Becoming an adult is so great. You get to save to buy your first home. You stress out over finding your life partner. You get to work full time (if not more) hours. And you get to pay taxes. Yay! Oh, wait. Okay, okay, so maybe getting to the adult stage isn’t the best thing ever but we can at least help with the taxes part.
If you know what you’re doing, it can be a surprisingly painless process. Read on for five things to keep in mind before you file taxes for the first time.
Learn What Your Federal Income Tax Status Is
What you might not realize is that not everyone has to file a federal income tax return. As this Forbes article notes, “For most taxpayers, the quick ‘cheat sheet’ formula is this: find your standard deduction and add your personal exemption to that number.
For the 2016 tax year, the magic number is $10,350 for single taxpayers under the age of 65.” Check the IRS’s website for the current year’s “magic number”.
Take Advantage of Tax Credits
You’ve surely heard about tax deductions, but tax credits can be even more financially beneficial. They reduce your taxes due as opposed to just reducing taxable income. One of those credits is the American Opportunity Credit.
AOC allows anyone who is still in school to claim up to $2,500 on things like tuition and fees. Another one is EITC, or the Earned Income Tax Credit, which allows for students who are working to claim up to $506 for those with no qualifying children and up to $6,269 for those with three or more qualifying children.
Make Sure You Have All Your Tax Forms
If you haven’t gotten the W-2s from each of your employers from the past year because you’ve moved or they’ve gotten lost in the mail, you need to reach out to these employers to have them sent again. You also need to choose the tax form you’re going to use for filing. You most likely qualify to use a 1040EZ federal form.
This means that you are filing as single or married with no dependents, won’t be itemizing deductions, and your income is made up of only salaries, wages, and tips. Consult the IRS website to find out which form is most applicable, or go ahead and file with the more generic 1040.
File in Time
Tax Day falls right around April 17 each year, so be aware of this date. Having this on your radar will help you stay more organized with receipts for deductions, your filing forms, and more. If you or your tax professional realized you will end up paying as opposed to getting a return, you still need to file.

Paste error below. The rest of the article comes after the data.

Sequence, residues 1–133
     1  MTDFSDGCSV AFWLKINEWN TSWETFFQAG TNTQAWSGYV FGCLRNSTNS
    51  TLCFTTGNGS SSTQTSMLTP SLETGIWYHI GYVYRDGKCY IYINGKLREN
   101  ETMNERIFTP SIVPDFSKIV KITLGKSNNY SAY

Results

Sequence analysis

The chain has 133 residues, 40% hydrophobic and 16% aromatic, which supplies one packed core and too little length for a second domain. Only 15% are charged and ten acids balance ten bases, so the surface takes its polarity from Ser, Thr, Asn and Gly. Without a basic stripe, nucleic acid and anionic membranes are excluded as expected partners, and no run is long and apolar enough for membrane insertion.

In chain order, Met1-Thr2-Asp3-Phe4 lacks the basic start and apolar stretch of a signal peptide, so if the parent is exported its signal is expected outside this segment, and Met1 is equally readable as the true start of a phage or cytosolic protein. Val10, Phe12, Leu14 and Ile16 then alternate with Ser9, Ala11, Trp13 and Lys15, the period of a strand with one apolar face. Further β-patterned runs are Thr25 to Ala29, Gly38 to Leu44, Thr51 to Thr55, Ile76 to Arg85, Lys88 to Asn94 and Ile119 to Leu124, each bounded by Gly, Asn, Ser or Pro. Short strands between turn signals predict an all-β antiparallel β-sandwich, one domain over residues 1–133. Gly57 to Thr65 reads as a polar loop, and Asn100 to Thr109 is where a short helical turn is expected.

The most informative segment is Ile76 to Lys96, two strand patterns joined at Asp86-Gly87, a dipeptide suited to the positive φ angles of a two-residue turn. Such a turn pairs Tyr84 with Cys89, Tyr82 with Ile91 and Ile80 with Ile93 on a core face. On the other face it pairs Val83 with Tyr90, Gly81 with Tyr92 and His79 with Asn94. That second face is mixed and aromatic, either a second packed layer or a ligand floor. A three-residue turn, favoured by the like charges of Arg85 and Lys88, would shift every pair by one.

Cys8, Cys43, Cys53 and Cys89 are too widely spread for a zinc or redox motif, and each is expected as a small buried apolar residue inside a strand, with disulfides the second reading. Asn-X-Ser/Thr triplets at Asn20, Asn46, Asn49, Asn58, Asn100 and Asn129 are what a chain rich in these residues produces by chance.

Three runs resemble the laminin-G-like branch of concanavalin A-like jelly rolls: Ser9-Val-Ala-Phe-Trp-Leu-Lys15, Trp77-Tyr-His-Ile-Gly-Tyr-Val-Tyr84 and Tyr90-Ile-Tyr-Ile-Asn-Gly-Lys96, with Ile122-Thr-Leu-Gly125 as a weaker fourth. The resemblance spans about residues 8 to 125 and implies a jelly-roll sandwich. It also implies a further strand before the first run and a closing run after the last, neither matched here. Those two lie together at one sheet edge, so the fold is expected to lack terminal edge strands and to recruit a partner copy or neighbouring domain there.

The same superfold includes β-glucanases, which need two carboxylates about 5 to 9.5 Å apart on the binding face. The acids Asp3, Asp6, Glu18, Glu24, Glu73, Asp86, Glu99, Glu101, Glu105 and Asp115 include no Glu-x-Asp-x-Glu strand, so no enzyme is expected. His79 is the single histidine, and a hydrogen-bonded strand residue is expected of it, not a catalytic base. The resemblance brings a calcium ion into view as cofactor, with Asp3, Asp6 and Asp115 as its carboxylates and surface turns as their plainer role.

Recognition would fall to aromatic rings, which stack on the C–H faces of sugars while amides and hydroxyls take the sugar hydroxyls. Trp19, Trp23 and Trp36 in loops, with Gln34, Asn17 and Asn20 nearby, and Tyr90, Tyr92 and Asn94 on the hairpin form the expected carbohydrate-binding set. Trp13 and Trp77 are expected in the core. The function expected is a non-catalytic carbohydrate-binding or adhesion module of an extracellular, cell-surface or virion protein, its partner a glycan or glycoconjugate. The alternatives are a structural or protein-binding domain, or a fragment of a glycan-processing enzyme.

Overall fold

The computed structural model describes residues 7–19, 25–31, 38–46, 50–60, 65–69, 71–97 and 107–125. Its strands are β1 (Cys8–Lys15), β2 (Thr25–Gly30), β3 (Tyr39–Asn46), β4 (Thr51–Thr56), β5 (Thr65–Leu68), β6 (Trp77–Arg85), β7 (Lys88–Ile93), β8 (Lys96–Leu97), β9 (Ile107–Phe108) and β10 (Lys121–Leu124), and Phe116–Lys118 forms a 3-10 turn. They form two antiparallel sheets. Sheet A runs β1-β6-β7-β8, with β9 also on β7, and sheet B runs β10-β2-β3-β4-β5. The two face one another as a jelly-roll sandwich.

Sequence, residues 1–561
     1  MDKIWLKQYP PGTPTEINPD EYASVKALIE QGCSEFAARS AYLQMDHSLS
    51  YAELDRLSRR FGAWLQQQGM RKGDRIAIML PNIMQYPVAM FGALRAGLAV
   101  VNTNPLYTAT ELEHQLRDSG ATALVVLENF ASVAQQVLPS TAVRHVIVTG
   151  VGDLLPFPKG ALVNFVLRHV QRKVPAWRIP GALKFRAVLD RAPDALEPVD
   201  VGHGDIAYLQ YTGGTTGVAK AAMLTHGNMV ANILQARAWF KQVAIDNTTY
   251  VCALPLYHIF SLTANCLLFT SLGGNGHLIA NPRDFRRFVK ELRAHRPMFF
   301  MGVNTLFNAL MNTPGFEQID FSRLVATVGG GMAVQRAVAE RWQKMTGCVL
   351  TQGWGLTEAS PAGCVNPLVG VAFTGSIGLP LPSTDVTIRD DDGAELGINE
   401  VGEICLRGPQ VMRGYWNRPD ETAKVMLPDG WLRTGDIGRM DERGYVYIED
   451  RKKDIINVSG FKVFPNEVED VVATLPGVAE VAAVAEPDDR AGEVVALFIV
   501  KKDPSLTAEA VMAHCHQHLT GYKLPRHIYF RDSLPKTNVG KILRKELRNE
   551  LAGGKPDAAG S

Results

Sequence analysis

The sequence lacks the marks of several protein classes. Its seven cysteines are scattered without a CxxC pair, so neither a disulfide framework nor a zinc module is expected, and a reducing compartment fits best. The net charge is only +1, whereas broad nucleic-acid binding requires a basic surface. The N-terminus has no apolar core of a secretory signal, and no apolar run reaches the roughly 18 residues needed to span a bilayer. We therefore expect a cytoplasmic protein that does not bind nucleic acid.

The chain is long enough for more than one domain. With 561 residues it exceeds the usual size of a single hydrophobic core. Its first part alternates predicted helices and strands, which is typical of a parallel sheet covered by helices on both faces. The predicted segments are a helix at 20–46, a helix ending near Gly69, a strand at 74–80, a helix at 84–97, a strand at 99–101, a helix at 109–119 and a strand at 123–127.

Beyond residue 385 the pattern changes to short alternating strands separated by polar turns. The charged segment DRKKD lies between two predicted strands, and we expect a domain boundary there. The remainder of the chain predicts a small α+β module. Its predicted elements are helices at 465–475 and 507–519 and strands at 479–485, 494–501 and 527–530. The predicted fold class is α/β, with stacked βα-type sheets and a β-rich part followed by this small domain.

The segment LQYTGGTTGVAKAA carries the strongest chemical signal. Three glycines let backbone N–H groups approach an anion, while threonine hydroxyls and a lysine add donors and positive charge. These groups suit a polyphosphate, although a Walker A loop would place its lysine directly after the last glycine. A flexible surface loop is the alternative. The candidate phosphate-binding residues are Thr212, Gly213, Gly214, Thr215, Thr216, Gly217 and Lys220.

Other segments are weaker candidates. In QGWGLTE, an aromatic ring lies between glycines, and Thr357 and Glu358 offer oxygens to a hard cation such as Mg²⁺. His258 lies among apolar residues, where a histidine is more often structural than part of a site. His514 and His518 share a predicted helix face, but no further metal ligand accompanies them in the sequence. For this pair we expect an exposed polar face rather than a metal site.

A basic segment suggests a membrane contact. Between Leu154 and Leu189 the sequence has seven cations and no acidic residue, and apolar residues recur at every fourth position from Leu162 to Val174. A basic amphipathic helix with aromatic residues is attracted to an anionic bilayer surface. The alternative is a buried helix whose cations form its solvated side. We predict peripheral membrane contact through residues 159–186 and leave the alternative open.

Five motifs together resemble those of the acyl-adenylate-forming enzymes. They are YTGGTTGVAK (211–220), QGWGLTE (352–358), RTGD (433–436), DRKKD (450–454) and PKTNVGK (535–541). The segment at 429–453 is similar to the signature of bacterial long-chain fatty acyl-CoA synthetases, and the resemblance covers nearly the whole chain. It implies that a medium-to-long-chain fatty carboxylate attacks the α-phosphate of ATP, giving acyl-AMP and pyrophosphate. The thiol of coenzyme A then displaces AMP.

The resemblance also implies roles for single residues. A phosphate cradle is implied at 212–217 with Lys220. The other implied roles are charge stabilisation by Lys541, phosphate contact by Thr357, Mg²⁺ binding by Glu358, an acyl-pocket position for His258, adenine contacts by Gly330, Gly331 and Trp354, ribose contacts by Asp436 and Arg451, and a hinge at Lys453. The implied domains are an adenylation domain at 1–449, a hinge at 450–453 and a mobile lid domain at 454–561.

Payment arrangements can be made but penalties will be applied in any case where taxes weren’t filed. If Tax Day is coming in hot and you see the writing on the wall as far as taxes not being done on time, make sure to file for an extension. Keep in mind, though, this extension is for filing—any money owed will still be due by Tax Day.
Decide on E-Filing Vs. Hiring a Tax Preparer
If you are completely overwhelmed by the idea of doing your own taxes and have the financial means, hand your W2s and any other pertinent documents to your tax preparer. Because you are likely just starting out, though, your taxes will likely be easy and uncomplicated and, thus, not hard to do via e-filing.
Without having itemized deductions and dependents, a simple tax filing software should walk you easily through the steps, especially if you already use an online budgeting software site like Budget Tracker.
If you do decide to outsource, remember that the most expensive accountants or tax preparers aren’t always necessarily the best for you. This is particularly true when taxes are straightforward, such as yours likely are. Find certified companies with a history of reputable service, like Community Tax. What began as a Chicago accounting firm is now a full-service tax company that handles tax issues for individuals and businesses alike.
Whether you hire a chain tax preparation company like this, or use a local business, just be sure to read testimonials, do your homework, and hire the right person for the job – your financial future depends on it.
Filing your taxes shouldn’t have to be a stressful experience, even if this is the first time you’ll be doing so. Do your research, get your documents and software in order, and enter adulthood. It’s time.